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Will Christmas be white or just really wet? And what's El Niño anyway? A meteorologist weighs in

Rain and downed limbs knock out power and snarl morning traffic near Abigail's Grille & Wine Bar at the crossroads of Hopmeadow St and Hartford Rd in Simsbury, Connecticut December 18, 2023.
Joe Amon
/
Connecticut Public
Rain and downed limbs knock out power and snarl morning traffic near Abigail's Grille & Wine Bar at the crossroads of Hopmeadow St and Hartford Rd in Simsbury, Connecticut December 18, 2023.

It's been a wild year for weather in Connecticut. Late spring frosts dealt massive damage to crops, and torrential rain this summer caused widespread flooding in fields and homes across the state.

The heavy rainfall continues. Just this week, more rain fell on Connecticut, dumping inches of water into already saturated ground. Gusty winds toppled trees and left thousands of residents without power.

Connecticut Public Meteorologist Garett Argianas recently discussed some of the wild 2023 weather, and gave his forecast for what we can expect in early 2024.

Is El Niño to blame for this year's flooding?

Connecticut endured a number of harsh weather events this year, including a frost in May that destroyed crops all over New England. Then heavy rains in July did even more crop damage.

The wet weather is due to a variety of possible causes, Argianas said, including climate change and El Niño, which causes a warming of sea surface temperatures in the central and eastern Pacific Ocean. El Niño tends to bring warmer and wetter conditions to Connecticut.

“El Niño is relatively recent, so that was not really an impact earlier in the year,” Argianas said. “The frost in May, it was just really an unfortunate circumstance of just late cold. The issue over the summer with the rain … that is an area where climate change does come into play, because with climate change we're seeing more heavy precipitation events.” 

Will Christmas (and ski slopes) be white … or wet? 

Connecticut hasn’t seen above average snowfall since 2018. “With the El Niño now settling in, we're likely to see more precipitation over the winter than normal,” Argianas said. “But that does not necessarily mean more snow. With warmer temperatures, that could mean more rain or even mixed precipitation."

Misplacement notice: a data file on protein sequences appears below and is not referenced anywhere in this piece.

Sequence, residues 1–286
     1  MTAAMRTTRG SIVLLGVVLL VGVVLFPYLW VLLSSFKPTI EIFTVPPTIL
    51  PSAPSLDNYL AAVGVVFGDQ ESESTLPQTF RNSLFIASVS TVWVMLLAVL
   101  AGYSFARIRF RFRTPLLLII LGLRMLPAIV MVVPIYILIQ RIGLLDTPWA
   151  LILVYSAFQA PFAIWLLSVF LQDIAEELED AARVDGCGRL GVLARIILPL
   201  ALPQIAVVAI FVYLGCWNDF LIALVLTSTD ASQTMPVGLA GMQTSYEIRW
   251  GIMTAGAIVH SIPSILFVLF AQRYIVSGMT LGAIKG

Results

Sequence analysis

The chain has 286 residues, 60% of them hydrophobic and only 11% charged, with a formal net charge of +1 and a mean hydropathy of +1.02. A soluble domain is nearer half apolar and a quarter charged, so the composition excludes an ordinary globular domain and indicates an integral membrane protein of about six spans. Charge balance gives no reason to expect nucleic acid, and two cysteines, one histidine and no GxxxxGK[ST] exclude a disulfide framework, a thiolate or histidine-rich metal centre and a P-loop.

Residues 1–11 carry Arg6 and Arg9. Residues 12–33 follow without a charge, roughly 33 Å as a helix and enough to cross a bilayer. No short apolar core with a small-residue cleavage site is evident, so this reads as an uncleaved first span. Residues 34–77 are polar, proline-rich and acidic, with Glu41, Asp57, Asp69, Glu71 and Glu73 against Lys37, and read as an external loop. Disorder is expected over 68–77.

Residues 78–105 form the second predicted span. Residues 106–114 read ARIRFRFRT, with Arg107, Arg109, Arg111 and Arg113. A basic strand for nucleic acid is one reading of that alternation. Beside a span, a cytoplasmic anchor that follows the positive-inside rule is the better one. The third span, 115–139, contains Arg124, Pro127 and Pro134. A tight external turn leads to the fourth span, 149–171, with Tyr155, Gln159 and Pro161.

That could mean less natural snow for Connecticut’s ski slopes. “That's one thing when we talk about climate change,” Argianas said. “We talk about warmer winters in general. There's still enough cold air, generally, that snow can be made with cold temperatures.” 

Are short-term or long-term forecasts more accurate? 

Be it a forecast of conditions the next day or in the next year, every weather forecast begs the question “can we trust it?” How far can any meteorologist look into the future and make forecasts with any degree of certainty?

“When we talk about weather, and that's kind of the day-to-day thing, we're gonna look at it on a maybe two-to-four-day time frame,” Argianas said. “In some cases, a couple of days out, we can be super precise with the forecast.”

Longer term forecasts are precise too, but in a different way, he said. “When you look out 30, 60 or 90 days out, you're looking more at averages,” Argianas said. “You might get 50 inches of snow. And that 50 inches could be an inch a day for 50 days. Or, it could be two giant two-foot storms. And so, when you average it out, it comes out to a certain number.”

John Henry Smith is Connecticut Public’s host of All Things Considered, its flagship afternoon news program. He's proud to be a part of the team that won a regional Emmy Award for The Vote: A Connecticut Conversation. In his 21st year as a professional broadcaster, he’s covered both news and sports.